Obtaining a mortgage can be one of the most confusing parts of buying a home. It’s essential to understand the steps to getting a home loan and the key terms that are used by lenders. Pre-approval and approval are two different stages that come at opposite ends of the homebuying process.
During the mortgage pre-approval process, the lender is looking at your finances to determine how much money you can borrow. They are reviewing your credit, your income, your assets, and any debts you may owe. A pre-approval is not a guarantee that you will be able to take out a mortgage, but it is a useful step for your homebuying process because it will give you an idea of the type of mortgage and interest rates you can expect later on.
Final approval takes place after you’ve found the home you want to purchase. The lender will reassess your financial situation and will consider the property as well. During this stage, the lender is looking to see if it makes sense for them to loan the money to purchase the property. The bank won’t lend money to pay for a property if they feel the value is not there, as they want to make sure they'll be able to recoup their costs in a worst-case scenario.
Getting pre-approved for a mortgage does not mean you will automatically receive final approval. If your finances have changed since you first went through the pre-approval process, that may affect how much you are able to borrow. The specific details of the property you want to purchase can also influence whether or not you will be approved.
There are some situations where you get pre-approved, you find the perfect property, the property is approved, but you don’t get final approval because it’s subject to mortgage insurance approval. When you're putting less than 20% down, your mortgage has to go through the final approval process twice—one will be with the bank, and the next one will be the mortgage insurance provider.
The reason why the mortgage insurance approval process is so important is because they're actually providing insurance on the amount that's borrowed from the bank. Upon reviewing, the insurer may approve or they may decide the loan deal needs to be restructured. If it needs to be restructured, this can be done in a variety of ways including putting more money towards the down payment, paying off debts owed, or adding a cosigner to the loan agreement.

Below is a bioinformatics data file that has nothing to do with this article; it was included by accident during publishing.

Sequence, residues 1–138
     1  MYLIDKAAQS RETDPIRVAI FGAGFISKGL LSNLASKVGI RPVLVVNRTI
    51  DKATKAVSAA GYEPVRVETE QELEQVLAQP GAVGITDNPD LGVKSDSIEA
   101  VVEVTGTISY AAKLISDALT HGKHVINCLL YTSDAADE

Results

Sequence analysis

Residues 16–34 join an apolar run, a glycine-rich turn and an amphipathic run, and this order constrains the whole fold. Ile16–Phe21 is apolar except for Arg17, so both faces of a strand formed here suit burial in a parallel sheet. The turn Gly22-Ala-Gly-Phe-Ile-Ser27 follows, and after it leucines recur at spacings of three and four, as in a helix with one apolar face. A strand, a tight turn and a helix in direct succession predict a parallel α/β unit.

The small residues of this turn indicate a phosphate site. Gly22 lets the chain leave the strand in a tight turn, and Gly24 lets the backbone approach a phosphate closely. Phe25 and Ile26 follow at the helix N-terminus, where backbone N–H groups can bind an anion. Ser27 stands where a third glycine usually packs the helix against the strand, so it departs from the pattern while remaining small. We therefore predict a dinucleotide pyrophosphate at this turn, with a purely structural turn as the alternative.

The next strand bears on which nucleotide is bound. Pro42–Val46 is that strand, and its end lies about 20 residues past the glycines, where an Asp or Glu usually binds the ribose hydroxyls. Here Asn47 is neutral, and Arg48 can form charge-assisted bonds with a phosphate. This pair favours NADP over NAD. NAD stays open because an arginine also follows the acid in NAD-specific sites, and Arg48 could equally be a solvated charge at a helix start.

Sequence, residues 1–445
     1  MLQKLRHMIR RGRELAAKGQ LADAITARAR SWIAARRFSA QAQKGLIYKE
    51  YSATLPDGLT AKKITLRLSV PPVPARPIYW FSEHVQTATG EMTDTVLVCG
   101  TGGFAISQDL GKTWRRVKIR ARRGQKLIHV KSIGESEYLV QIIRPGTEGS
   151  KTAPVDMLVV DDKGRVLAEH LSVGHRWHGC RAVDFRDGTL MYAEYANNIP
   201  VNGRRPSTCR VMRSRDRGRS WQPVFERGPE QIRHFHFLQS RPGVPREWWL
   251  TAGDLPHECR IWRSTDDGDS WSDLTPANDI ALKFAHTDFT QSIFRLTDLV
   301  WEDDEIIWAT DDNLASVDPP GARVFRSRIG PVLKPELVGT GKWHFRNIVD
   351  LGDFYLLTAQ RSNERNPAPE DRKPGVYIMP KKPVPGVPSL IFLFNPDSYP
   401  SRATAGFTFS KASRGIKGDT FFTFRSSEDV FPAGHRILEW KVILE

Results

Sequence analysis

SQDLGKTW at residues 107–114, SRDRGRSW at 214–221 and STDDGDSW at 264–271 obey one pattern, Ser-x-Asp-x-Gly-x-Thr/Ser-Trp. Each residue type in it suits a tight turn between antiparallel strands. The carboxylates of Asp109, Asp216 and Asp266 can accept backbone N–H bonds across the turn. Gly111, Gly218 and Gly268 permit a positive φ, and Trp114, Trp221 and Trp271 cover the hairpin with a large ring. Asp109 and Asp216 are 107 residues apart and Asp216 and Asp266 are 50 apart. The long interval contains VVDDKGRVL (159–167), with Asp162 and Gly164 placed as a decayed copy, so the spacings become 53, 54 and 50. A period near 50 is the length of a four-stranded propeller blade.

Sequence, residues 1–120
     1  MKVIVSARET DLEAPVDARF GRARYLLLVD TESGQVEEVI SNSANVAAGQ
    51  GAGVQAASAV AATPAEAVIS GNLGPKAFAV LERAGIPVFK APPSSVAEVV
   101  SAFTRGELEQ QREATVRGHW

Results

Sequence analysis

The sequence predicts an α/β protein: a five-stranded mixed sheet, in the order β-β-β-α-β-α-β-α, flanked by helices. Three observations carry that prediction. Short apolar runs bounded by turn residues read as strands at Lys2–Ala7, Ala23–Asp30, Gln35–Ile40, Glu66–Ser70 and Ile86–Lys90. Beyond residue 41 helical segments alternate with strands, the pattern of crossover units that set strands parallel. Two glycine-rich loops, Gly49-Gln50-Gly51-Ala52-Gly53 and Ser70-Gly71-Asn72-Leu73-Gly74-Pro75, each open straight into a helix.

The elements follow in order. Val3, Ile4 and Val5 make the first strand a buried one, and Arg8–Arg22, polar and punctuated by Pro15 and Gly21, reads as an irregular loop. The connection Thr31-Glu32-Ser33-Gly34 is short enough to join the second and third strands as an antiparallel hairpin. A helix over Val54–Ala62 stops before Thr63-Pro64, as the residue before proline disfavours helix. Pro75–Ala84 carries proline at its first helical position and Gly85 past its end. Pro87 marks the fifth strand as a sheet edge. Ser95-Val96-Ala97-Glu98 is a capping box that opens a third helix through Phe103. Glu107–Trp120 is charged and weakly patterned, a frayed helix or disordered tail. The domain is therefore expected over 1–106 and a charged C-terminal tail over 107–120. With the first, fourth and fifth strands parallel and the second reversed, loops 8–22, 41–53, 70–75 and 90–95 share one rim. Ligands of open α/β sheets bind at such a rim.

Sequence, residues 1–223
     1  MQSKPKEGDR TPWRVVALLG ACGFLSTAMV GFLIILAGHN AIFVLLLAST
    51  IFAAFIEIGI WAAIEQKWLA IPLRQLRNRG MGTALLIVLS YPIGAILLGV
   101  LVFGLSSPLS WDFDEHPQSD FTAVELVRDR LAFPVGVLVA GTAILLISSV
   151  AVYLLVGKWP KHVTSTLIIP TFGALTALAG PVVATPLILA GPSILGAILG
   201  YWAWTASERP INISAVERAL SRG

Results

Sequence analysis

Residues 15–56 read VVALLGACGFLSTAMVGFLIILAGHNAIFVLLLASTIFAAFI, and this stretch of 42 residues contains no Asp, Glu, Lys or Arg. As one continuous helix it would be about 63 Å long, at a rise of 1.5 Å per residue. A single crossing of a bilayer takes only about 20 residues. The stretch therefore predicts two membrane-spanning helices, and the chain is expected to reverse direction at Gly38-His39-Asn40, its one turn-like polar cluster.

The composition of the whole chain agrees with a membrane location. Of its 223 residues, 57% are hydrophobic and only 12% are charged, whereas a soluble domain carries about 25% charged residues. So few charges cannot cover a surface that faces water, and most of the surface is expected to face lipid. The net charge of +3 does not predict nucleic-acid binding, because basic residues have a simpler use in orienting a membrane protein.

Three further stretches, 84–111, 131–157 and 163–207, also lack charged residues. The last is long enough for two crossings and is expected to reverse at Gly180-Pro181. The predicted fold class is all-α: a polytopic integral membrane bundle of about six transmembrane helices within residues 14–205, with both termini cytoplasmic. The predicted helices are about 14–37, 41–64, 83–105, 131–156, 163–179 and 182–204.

In most cases, when the lender doesn’t like the property but the homebuyer has already been pre-approved, the homebuyer will stay with the lender and find another property. Lenders may not approve a property if they feel the selling price doesn’t match the actual value, or if they may think there’s unforeseen health hazards or other risks.
Keep in mind that if a bank denies approval for a property, it is usually because the concerns they have are significant. As a buyer, you should listen to the reasoning behind the denial and consider searching for a new property—after all, this is your investment as well, not just the bank’s.
Mortgage pre-approvals are non-binding, so you can absolutely switch lenders before seeking final approval. Let's say you're building a brand-new home and your build process is taking 10 months. During that time, you do some additional research and realize that you could have more favorable interest rates with a different lender. Since you haven’t signed anything yet, you can switch your lender within that 10-month period. You are not locked in until the bank actually lends out money for the transaction to be closed.
Your mortgage pre-approval is not going to affect your credit score if you only go through the process once or twice. However, applying to multiple lenders within a short period of time—especially if you’ve already been pre-approved elsewhere—can be a red flag for the credit bureau and end up hurting your credit.
Your credit score is a way for lenders to assess your risk by reviewing a variety of criteria:
●How long have you lived in your home?
●How long have you worked at your job?
●Are you single, married, or divorced?
●Do you have an excessive amount of applications for new credit lines of credit?
●Are you regularly meeting or exceeding the limits on your credit cards?
All of those criteria influence your credit score and will be examined by lenders when you apply for mortgage pre-approval or approval. To avoid hurting your credit, it’s best to use caution and research lenders before beginning a pre-approval application. Find out what each bank’s rates are and what their terms and conditions are—then submit an application to the one or two that you think are the best fit..
To be clear, you don’t need to obtain mortgage pre-approval in order to start shopping for a home. A real estate professional will be happy to start showing you homes and submit offers on your behalf without a pre-approval in your hand.
However, it’s a good idea to apply for mortgage pre-approval for two main reasons. First, it lets you know that you’ll more than likely be able to obtain a mortgage and the specific amount you’ll be able to borrow based on your financial situation. Second, a pre-approval shows sellers that you are a serious buyer and will be able to close on the home at the price you’ve agreed to pay. So, while you don’t need to have one, it can definitely help to get pre-approved before you submit your first offer on a home.
Find more resources and information on the entire homebuying process on Brookfield Residential’s blog. If you want to learn more about how we can help you find the new home of your dreams, request more information today.